I rarely take off my sunglasses when I'm outside in any semblance of daylight.
But that didn't stop another gnat for finding a warm, comfortable place to give up the ghost during the second stage of the USA Pro Cycling Challenge in Crested Butte. The Lizard and I had just deposited our schwag (free stuff) in the car and were returning to our chosen viewpoint where we hoped to watch the pro cyclists just 500 meters from the finish line in a couple of hours. And then it happened. A bug flew right under my sunglasses and right into the right corner my right eye. Not a right move!!!
I had learned the first time this happened my eyes are no game, and immediate action is worth losing a cherished bicycle race lookout. I immediately returned to the car, crying but unable to get tears to fall. My eyeball felt as though it was on fire, and the only thing I could think of was to find a mirror so I could safely dislodge the bug without severing any of its body parts.
The car windows were not reflective enough for me to undertake emergency surgery. The rearview mirror was wide angle and not at a good angle to boot for me to wedge my head closely and visually locate the tiny beast.
By this time, The Lizard, who wasn't sure why I was crying and beginning to wail, caught up to me and beeped the alarm to unlock the doors. I hopped in and pulled down the vanity mirror, which is never used for typical stuff such as applying makeup or fixing hair. I pulled down my lower eyelid and inspected the damage. There in the crease was this ghastly little dead bug, apparently leaking bodily fluids all over my burning eye. Still, I could not get tears to flow.
So I did the next best thing. I grabbed the water bottle on my bicycle and began dousing my eye. To heck with clothing and car upholstery! It was just water anyway; everything I stash in my car sees worse when I leave the windows cracked and thunderstorms take advantage.
The Lizard figured out my quagmire and went searching for clean tissue, which he carefully handed to me to keep it as germ-free as possible. I dabbed the tissue right onto my inner eyelid and applied a bit of pressure.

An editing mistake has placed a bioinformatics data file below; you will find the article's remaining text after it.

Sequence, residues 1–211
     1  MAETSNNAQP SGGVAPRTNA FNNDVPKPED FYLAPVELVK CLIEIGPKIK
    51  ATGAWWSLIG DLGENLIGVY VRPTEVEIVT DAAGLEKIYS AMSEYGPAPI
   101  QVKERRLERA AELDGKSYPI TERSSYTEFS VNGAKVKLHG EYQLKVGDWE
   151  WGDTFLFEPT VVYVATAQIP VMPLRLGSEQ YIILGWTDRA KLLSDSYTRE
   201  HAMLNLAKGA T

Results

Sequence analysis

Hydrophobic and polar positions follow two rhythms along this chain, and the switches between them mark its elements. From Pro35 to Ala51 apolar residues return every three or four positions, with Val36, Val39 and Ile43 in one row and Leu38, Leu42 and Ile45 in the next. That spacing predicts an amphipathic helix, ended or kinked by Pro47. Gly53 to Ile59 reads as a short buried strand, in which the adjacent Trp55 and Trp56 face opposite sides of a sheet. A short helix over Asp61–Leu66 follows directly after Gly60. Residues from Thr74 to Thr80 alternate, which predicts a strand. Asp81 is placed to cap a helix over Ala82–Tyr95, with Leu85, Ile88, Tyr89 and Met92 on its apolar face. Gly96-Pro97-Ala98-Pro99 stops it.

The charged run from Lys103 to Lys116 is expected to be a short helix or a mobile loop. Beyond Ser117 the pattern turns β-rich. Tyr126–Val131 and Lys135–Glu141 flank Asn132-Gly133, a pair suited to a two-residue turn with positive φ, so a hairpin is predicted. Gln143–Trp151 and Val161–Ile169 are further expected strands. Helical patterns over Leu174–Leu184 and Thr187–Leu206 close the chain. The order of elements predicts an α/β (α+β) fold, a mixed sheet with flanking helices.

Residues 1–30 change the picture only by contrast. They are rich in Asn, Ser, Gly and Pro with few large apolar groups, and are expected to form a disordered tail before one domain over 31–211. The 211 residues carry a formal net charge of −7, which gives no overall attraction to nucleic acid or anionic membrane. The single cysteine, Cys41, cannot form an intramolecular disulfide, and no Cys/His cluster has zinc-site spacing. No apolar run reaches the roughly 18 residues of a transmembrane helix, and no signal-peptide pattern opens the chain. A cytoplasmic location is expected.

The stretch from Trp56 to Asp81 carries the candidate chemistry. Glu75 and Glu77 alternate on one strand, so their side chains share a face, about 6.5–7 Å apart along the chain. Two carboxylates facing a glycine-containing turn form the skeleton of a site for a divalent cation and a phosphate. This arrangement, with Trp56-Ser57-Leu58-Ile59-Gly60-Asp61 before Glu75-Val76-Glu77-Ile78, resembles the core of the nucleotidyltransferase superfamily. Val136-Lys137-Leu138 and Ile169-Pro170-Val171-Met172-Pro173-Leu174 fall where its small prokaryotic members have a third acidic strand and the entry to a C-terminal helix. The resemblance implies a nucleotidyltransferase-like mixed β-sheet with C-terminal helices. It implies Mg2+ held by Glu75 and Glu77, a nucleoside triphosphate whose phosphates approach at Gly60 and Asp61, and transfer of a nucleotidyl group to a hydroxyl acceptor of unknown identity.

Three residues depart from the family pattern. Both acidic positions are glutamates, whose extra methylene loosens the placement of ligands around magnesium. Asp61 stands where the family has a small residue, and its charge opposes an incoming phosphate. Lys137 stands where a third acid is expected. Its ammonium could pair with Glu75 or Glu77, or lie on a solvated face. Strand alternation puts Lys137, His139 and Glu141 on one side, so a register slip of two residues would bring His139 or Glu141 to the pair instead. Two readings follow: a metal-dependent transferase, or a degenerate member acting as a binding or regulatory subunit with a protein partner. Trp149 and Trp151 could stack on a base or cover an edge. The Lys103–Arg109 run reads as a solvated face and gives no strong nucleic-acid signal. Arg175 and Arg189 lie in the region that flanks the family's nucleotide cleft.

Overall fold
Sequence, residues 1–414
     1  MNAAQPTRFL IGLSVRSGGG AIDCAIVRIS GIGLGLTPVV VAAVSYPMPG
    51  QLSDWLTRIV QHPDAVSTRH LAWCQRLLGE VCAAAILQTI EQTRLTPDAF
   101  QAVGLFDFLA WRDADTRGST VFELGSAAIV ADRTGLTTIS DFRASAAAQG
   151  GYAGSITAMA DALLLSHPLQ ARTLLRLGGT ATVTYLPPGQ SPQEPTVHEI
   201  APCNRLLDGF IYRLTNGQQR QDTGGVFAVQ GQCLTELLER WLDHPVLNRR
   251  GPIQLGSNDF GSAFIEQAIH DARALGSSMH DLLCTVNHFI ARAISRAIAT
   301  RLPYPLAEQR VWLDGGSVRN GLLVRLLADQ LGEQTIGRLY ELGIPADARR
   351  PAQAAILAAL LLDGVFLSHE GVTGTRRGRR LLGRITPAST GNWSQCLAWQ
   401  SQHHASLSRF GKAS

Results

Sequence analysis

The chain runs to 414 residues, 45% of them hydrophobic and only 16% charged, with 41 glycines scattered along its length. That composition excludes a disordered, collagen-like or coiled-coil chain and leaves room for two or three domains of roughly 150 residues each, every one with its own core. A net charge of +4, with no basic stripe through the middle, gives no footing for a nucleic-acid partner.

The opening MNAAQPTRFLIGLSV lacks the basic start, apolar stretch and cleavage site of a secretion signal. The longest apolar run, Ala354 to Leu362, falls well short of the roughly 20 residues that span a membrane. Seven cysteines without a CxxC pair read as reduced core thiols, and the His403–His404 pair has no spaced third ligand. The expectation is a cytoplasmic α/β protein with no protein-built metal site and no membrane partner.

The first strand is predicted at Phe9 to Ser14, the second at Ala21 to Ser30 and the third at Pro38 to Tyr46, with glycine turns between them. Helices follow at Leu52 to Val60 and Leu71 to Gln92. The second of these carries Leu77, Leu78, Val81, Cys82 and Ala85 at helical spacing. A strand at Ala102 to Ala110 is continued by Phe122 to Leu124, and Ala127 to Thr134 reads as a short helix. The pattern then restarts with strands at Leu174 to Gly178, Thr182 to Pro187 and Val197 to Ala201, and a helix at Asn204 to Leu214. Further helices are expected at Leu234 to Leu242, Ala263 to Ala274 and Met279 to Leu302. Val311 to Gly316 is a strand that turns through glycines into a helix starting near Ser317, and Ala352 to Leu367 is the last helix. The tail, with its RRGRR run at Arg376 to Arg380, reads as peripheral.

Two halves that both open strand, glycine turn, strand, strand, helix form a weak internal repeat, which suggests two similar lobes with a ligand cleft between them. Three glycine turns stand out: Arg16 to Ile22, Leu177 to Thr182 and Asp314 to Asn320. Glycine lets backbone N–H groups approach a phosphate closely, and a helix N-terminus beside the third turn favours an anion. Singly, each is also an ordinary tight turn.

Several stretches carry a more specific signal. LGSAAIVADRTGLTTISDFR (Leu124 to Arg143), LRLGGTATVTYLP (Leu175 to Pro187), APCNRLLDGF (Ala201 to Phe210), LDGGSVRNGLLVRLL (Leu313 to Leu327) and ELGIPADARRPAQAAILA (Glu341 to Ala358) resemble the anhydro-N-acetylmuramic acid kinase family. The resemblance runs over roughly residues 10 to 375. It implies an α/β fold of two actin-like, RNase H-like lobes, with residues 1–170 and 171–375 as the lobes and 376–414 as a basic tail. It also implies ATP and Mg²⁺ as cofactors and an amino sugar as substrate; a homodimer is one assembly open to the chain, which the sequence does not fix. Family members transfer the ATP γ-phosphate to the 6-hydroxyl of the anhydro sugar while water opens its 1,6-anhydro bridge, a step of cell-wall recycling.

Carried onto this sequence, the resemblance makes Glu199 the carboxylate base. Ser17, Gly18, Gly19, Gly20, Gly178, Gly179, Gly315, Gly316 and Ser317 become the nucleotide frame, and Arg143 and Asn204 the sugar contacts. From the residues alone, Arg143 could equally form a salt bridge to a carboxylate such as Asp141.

I wasn't sure if my first bug-eyed experience was caused because I scratched my eye while trying to remove said alien or if the invader was just toxic. So this time, I tried to be careful, but I also tried to be forceful. No microscopic appendages were welcome in my orifice!
The Lizard performed a clear-eyed examination... my eyes were finally beginning to fill with burning salt water.
"You missed a spot," he concluded, handing me another tissue.
I repeated my stratagem and inspected the tissue. There before my teary eyes was a tiny leg. Or arm. I couldn't see clearly enough to make proper identification.
Because of the last experience, The Lizard insisted I use the entire bottle of water to continue flooding my eye, which still felt as though it was coated with gasoline, rubbing alcohol or sandpaper, or a wicked combination of all three. I did not object.
Ten minutes later, I decided I probably needed to wash from the other direction, too. I tipped my head the other way, and The Lizard assisted in drenching my eye again.
I looked as though I'd had more than a little accident as we returned to the bridge over what would soon be storm waters to take front and center of what other fans said was the best seat in the house. Within about half an hour, the pain was mostly gone, and a thunderstorm washed most of the rest of the fans off the bridge.
True blue fans were back as soon as things dried out, and so was my eyesight. One of my most precious possessions. About 600 photos' worth.
A good race was had by all! Well, except the bug...